Jesus: The great high priest

If we know our own hearts, in the midst of all the other emotions, we are bound to
experience some fear. The fall of another should be a reminder of our own sin and
folly. There, but for the grace of God, go I. We may not be tempted in the same way,
but we too have the capacity to sink very low. It has happened before and it could
happen again and, as a result, bring disgrace, not just to ourselves, but to Christ.
This should make us fearful, but we should make sure we respond in the appropriate

In a blog post on “How to respond when church leaders fall”, Christopher Ash quotes
the Scottish pastor Robert Murray McCheyne: “The falls of (professing Christians) into sin make me tremble. I have been drawn away from prayer, and burdened in a fearful manner by hearing or seeing their sin. This is wrong. It is right to tremble, and to make every sin of every professor a lesson of my own helplessness, but it should lead me more to Christ”. He is the great high priest, who is able to sympathise with our weaknesses, having been tempted in every way during his earthly life. So, when worried about our frailties and fearful of how easily we could fall, we should “approach God’s throne of grace with confidence, so that we may receive mercy and find grace to help us in our time of need” (Hebrews 4:15-16). In our fear, we must fix our eyes on Jesus, the great high priest.

Jesus: The Chief Shepherd

We are bound to feel a sense of taint in the light of what has happened. What had seemed so good has been stained, perhaps irredeemably. A man we had admired and looked up to is now seen in a different light. And it may be that, not only he himself, but also the effects of his ministry, are tainted in our minds. We may now look with more jaded eyes at our conversion or Christian growth under his care and wonder if they are somehow discounted?

These feelings can go very deep, but we must not let them dictate to us without allowing the Bible to put them in perspective. Did we not already know that everyone, even those who appear most godly, are sinners? None of us has ever done anything with an entirely pure motive in our lives. That thought should, of course, banish from us any hint of self-righteousness. Even “our righteous acts are like filthy rags” in God’s sight (Isaiah 64:6). And, wonderfully, the fact of our sin does not prevent God from using us. The same people are capable of doing both great good and terrible evil. Think of David, whose passionate love for the Lord is evident in his Psalms, and yet who committed both adultery and murder. Or Peter, who denied his Lord three times and then became a fearless leader of the church. Even when we act with wrong motives, such as Paul’s rivals, who took the opportunity of his imprisonment to “preach Christ out of envy and rivalry” (Philippians 1:15), God may still use us.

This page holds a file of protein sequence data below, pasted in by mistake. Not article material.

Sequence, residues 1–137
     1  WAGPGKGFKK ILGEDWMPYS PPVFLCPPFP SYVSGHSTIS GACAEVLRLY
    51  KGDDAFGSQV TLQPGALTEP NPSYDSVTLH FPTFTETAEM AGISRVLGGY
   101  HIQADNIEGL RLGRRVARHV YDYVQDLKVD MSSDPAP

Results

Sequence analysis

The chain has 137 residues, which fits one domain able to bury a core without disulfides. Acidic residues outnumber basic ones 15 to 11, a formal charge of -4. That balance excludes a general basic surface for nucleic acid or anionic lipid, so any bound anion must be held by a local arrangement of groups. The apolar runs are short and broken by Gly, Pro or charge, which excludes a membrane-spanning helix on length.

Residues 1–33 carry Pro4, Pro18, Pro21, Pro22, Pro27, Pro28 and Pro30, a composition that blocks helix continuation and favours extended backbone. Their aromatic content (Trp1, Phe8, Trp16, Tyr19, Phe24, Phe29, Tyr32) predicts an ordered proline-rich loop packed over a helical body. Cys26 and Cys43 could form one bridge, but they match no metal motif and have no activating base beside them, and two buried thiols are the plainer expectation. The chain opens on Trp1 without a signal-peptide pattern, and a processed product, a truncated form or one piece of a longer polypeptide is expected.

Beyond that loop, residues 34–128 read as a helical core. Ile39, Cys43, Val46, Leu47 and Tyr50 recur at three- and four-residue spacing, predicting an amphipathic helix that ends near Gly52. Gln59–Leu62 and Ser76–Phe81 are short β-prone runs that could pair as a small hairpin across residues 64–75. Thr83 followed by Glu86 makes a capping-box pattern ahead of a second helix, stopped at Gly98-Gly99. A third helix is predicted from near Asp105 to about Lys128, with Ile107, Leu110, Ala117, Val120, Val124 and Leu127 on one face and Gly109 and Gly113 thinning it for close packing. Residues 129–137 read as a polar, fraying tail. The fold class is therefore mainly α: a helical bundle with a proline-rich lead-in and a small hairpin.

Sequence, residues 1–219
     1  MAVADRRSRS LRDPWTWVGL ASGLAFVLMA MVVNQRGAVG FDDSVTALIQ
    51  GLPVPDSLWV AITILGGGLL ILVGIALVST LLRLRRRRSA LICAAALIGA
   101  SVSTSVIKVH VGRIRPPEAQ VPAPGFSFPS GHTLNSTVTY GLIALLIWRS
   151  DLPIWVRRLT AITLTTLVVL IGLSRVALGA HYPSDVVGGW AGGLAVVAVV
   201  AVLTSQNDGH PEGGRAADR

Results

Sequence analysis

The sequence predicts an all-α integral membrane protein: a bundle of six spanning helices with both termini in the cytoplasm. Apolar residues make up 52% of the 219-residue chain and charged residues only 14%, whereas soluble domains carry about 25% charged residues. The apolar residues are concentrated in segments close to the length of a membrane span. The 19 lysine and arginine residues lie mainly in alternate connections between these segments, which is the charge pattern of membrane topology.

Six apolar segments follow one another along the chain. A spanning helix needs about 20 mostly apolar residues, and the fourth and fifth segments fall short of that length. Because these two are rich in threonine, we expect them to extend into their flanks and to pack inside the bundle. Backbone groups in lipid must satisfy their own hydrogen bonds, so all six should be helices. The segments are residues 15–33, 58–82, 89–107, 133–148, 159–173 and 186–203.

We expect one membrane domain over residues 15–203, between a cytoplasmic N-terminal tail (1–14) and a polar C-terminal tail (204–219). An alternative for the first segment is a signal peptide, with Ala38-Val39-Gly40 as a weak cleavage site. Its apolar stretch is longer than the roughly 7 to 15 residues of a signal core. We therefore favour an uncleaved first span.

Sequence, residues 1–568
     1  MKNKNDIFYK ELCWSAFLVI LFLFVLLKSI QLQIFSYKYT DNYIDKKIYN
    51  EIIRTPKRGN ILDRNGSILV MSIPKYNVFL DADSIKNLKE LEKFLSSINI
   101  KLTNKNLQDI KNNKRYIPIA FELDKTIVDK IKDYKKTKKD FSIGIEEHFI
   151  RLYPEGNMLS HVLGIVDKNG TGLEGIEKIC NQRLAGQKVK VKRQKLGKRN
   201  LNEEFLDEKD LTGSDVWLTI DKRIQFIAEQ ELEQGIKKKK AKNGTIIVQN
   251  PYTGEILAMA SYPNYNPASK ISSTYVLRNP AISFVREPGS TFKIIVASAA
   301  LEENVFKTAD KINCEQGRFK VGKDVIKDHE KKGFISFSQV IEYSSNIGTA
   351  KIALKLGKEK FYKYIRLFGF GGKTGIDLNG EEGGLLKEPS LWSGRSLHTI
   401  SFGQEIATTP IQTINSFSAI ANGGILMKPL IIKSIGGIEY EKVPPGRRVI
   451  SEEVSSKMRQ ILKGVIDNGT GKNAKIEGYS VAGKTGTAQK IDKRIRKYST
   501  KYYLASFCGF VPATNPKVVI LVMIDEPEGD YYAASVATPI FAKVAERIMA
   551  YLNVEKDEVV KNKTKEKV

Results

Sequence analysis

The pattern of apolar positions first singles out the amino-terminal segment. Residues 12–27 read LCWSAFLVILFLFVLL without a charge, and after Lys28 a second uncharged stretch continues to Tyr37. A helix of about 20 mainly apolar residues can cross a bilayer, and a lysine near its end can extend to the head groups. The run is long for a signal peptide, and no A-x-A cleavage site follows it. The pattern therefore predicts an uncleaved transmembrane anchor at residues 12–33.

The Bible warns us not to put our trust in princes (Psalm 118:9). We do both pastors
and ourselves a great disservice when we put them on pedestals. Our focus must be on Christ, the chief shepherd” (1 Peter 5:4). In his grace he uses flawed under shepherds to point people to him through his word, but we should be in no doubt that our spiritual blessings come from him and not from them. They may be tainted but he, as the one who is without sin (1 Peter 2:22) is certainly not. With our sense of taint we must fix our eyes on Jesus, the chief shepherd.

Jesus: The Lord of the Church

When terrible things happen we may well feel a sense of panic. Everything seems
out of control and we wonder how we can keep going. Whatever the human agency,
we can be sure that the devil is also at work at such times, doing all he can to discourage and divide God’s people, while confirming others in their opposition to Christ. It may look as if he is succeeding and be very hard to see signs of God at work, but we must not despair. There have been many scandals in the history of God’s church, which have done terrible damage, but none has been able to stop the progress of the gospel. Christ has promised that he will build his church and “the gates of hell will not overcome it” (Matthew 16:18). In our panic, let’s fix our eyes on Jesus, the Lord of the church.

The words “looking unto Jesus” in the old Authorised Version translation of Hebrews
12:2 were central to John Newton’s understanding of his life and ministry. He wrote,
“Every step along the path of life is a battle for the Christian to keep his two eyes on
Christ.” That is the battle we must fight together in the days ahead. We must not deny
or ignore the powerful emotions we will experience at this time, but nor should we allow them to control us. Let us determine to keep “fixing our eyes on Jesus”.